A Wrinkle in Time

A Wrinkle in Time
Madeleine L’Engle


Do you ever retread a book that you loved when you were young, and find there were huge parts that went right over your head? That happened to me on my recent retread of “A Wrinkle in Time.”

I loved these books growing up, even though I never read much fantasy/science fiction. The fact that my mother let me read L’Engle should have been my first clue that they were on some approved Christian reading list somewhere. Which, hey, nothing wrong with that. I just loved Meg’s awkwardness, and hoped that one day maybe I would grow out of that gawky adolescent stage. Maybe I would go on some kind of epic time bending adventure where I would save the day and the whole world. I also was enthralled with the idea of time “wrinkling.” This simple illustration has a permanent place inside one of my own brain wrinkles:


As a child, I loved when books presented a way to reconcile my family’s faith with imaginings and creations and, well, science. We practiced a faith that relied heavily on the literal interpretation of the Bible, or at least parts of it. The Earth was 6,000 years old, and anything not talked about in its pages didn’t exist. Unless we wanted it to, of course. I guess books – novels – were the first thing that made me realize that words on a page were open to interpretation.

A Wrinkle in Time is itself a book that is open to varying interpretations. Reaction from religious circles is split – some praise it, some try to ban it. The is certainly support for both positions in the text. Based on this interview with the author, it seems that hers is a more expansive view than the one I grew up with, and for that I am certainly thankful.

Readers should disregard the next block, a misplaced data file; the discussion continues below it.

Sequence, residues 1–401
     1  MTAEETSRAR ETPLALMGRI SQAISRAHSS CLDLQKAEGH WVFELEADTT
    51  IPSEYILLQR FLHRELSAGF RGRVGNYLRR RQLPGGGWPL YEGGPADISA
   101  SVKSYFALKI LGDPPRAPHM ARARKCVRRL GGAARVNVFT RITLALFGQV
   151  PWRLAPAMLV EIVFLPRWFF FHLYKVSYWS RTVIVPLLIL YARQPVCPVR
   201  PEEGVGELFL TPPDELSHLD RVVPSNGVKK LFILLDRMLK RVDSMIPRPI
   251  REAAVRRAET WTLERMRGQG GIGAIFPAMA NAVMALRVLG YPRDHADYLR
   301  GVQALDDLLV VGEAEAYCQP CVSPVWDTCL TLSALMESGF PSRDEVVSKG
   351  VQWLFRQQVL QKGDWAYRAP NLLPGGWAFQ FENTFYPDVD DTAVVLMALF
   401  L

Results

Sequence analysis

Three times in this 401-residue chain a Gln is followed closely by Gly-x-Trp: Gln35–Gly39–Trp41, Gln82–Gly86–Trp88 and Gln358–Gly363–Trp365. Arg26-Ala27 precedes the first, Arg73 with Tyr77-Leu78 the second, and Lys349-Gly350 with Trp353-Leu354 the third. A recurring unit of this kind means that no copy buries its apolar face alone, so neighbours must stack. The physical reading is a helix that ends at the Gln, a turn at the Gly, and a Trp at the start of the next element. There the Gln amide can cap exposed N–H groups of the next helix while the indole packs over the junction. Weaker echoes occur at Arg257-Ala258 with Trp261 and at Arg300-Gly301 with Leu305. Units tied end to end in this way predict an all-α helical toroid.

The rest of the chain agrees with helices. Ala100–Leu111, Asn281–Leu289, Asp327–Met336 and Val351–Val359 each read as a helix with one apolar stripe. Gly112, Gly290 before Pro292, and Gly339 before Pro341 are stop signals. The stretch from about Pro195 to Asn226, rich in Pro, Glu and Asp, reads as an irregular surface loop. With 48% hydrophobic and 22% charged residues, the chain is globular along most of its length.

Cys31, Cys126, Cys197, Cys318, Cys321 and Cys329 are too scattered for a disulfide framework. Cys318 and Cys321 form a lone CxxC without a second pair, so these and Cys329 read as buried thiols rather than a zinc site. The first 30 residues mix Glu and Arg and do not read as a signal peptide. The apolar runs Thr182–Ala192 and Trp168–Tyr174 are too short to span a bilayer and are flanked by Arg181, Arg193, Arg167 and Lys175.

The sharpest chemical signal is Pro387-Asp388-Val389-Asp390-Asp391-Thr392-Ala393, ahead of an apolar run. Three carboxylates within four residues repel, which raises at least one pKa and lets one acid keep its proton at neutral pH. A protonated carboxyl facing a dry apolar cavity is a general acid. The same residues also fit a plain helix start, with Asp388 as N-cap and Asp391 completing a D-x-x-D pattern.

My friend wrote a book

Alex Segura, the new husband of one of my dearest law school friends, and a friend of mine in his own right, has published his first mystery novel. It’s set in Miami, where he’s originally from, and is hopefully first in a long successful series. Congrats Alex!

And if you were so inclined…
Codorus Press

Cookbooks and Christmas

This afternoon I started making a list of people I need to buy Christmas presents for along with some gift ideas. I still can’t believe it’s essentially the middle of November. It feels like Christmas was all of five seconds ago. Thinking about this made me remember one of my favorite presents from last year, Heidi Swanson’s cookbook, Super Natural Every Day. And that I’ve only made one recipe out of it this entire year.

Those quinoa cakes were really, really good. I kinda love quinoa.

So, I’m looking through the book for some recipes that I am going to make in the next couple of weeks. The cover recipe, a dish of white beans and cabbage, looks good. The other recipe I’m planning on making is with roasted broccoli and roasted fingerling potatoes.

20131110-201331.jpgSee? Looks delicious!

For my husband…

…who, at 8:41 tonight, made me take him home to go to bed.

A History of the World in Six Glasses
Tom Standage